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On Dec.30th federal Ministers Dominic Leblanc and Bill Blair appeared before the cameras to announce that “coming soon” would be a requirement that all passengers arriving into Canada from international gateways would be required to produce evidence of a Covid Negative PCR test dated not more than 72 hours prior to their departure in order to travel to Canada.

On New Year’s Eve, Transport Minister Marc Garneau decreed “indeed this is so-details to follow”.

Of course, even if the airlines and travel industry had been consulted prior to dropping the hammer (which we weren’t) most businesses had shut down only scheduled to re-open on Jan.4th.

The “details” that followed put January 7th as the implementation day.

In various interviews with the media, federal officials indicated that in the case of passengers departing from countries where these gold standard 72 hour turnaround PCR tests were “unavailable” then the impacted passengers would on arrival in Canada, be relocated to a federal facility for a mandatory 14 day quarantine.

Unfortunately, the airlines having been given no direction as to whether “unavailable” meant there was no existing facility able to conduct such tests, or whether 500 passengers all lining up in front of the Kumquat 7-11 and Infirmary had been advised “we can only manage 5 tests per day”, took a rather firm position.

*No negative PCR test – No Fly*

Simple as that.

There was no way any airline was going to put their minimum wage counter staff in a 3rd World country in the position of having to interpret The Bible of St Justin.

So now we have Johnny, Suzy and the kids sitting in Kumquat with no way home.

Admittedly Johnny & Suzy, going against the advice of a variety of Do Not Travel advisories, opted to escape Winter for a couple of weeks fully prepared for a 14 day quarantine in their own home upon return.

And knew or should have known, that there were more than the normal risks associated with Christmas travel at this time.

Nonetheless they “presumed” that as federal regulators had provided a clear path for their federally regulated airline to sell tickets from Canada to Kumquat with all applicable federal and provincial taxes having been paid on the ticket, permission to travel- advisories notwithstanding – was at the very least implied.

I can hardly wait until a 1st year law student opts to closely examine section 6 (1) of the Canadian Charter of Rights and Freedoms which states *every citizen of Canada has the right to enter, remain in and leave Canada*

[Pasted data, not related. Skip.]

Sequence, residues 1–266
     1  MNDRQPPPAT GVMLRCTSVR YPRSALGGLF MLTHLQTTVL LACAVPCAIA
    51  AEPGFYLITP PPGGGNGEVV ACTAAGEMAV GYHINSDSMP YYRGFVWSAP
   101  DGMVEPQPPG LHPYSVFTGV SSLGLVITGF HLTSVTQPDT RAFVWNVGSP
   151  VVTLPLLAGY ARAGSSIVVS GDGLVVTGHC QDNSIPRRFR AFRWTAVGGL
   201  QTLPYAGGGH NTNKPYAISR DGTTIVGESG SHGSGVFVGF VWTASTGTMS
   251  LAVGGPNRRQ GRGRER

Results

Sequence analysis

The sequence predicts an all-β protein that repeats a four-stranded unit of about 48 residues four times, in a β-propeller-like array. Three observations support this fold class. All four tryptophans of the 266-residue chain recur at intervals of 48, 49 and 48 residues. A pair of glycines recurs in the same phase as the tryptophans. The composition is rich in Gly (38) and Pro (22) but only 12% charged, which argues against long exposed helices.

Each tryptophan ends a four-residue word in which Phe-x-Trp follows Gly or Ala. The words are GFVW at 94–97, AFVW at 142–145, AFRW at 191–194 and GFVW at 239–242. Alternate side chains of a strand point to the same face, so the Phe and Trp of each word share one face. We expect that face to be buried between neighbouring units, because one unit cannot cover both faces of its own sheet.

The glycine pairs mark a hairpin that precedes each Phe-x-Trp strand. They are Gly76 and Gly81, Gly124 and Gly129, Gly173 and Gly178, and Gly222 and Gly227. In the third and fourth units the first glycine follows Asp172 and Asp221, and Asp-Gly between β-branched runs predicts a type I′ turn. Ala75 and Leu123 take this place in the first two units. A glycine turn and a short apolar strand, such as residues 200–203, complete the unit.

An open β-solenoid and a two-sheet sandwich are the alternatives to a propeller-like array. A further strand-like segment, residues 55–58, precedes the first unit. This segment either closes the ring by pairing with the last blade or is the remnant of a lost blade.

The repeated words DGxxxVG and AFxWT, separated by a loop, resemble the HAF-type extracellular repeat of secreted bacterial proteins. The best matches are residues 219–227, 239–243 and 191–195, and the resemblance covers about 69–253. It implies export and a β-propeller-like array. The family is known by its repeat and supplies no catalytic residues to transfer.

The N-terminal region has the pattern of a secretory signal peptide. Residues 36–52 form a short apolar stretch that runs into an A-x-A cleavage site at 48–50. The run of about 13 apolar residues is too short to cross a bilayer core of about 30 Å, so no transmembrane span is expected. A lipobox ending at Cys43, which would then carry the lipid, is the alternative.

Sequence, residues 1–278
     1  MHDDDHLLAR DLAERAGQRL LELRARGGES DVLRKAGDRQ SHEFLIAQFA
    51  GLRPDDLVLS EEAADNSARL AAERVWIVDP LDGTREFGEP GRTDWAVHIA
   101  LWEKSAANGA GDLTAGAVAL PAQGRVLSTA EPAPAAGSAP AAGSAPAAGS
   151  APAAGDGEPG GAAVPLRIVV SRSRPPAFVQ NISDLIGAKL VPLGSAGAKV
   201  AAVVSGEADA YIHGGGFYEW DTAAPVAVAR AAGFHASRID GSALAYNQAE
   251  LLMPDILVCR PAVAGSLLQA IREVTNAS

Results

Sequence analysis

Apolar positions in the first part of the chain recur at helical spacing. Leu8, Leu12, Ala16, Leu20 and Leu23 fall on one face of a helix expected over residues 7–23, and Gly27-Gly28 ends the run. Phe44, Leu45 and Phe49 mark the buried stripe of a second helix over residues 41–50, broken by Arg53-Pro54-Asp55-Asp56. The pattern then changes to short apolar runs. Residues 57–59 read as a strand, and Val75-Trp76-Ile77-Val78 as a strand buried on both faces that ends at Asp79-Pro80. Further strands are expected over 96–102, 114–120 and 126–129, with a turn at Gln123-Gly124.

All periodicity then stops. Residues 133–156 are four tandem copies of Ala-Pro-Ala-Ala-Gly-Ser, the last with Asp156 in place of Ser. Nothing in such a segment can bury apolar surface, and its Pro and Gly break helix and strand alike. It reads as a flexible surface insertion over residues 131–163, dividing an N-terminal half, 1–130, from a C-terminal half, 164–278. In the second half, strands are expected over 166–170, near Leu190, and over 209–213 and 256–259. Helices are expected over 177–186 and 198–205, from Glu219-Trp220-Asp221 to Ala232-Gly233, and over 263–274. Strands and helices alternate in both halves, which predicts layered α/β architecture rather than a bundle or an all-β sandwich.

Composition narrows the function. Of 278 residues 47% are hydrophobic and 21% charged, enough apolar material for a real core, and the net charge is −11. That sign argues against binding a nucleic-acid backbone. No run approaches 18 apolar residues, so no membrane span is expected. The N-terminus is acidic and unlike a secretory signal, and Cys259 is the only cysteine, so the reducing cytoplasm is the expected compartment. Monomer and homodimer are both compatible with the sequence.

As a nation, we have spent copious amounts of time and money focused on obtaining a vaccine and from all accounts, we’re not exactly doing a stellar job in getting jabs into the arms of folks.

With no less a figure than Dr. Theresa Tam having stated a few weeks back that transmission of Covid on aircraft was *extremely rare* - should we “perhaps” not focus on ramping up the vaccine efforts?

As well, with the success of Calgary Airport’s Rapid Testing on Arrival – should we not be expanding this program throughout the country?

And relegating the use of pre-boarding of international inbounds to visitors/non residents?


Although Minister Garneau stuck to his guns with a January 7th implementation, there was it seems……. a little fallout.

A number of passengers turned up for their flights back to Canada, and you guessed it, they’d either been unable to get said PCR test *or* unable to get the results in time *or* there were reports of “problems” with the lab itself.

All by the way reported by passengers who in addition to scrambling to comply and in some cases cutting their prepaid vacations short, had paid in some cases up to $350 USD *per person* for tests that just didn’t work out as planned.

Of course the biggest impact came on January 8th when it was announced by Westjet ( likely to be followed by others) that the roadblocks put forth were impassable and as such, flights from Canada to Caribbean and southern destinations would be axed with immediate effect.

And then *lo and behold* on the morning of January 9th Les Feds, cognizant that there were “issues” regarding the procurement of the required tests in Jamaica, back-peddled and have delayed the required Jamaica tests until January 18th.

With the possibility I suspect of other countries enduring similar complications.

One thing I figured out a long time ago was if you’re going to design a new and improved guitar, it helps if you actually discuss the design with guitarists *before* you spend a lot of time ,effort and money putting the damn thing into production.

That way- if you hit a fork in the road you’ve got the opportunity to pick the right path and not risk putting an instrument out on the market that no one can play.

Maybe next time- and there will be a next time- Parliament Hill Wizards might think about consulting the very industry that operates the program before entrenching a hastily made unilateral decision into what is already a confusing enough situation?

Adios until next time.

Dave Heron

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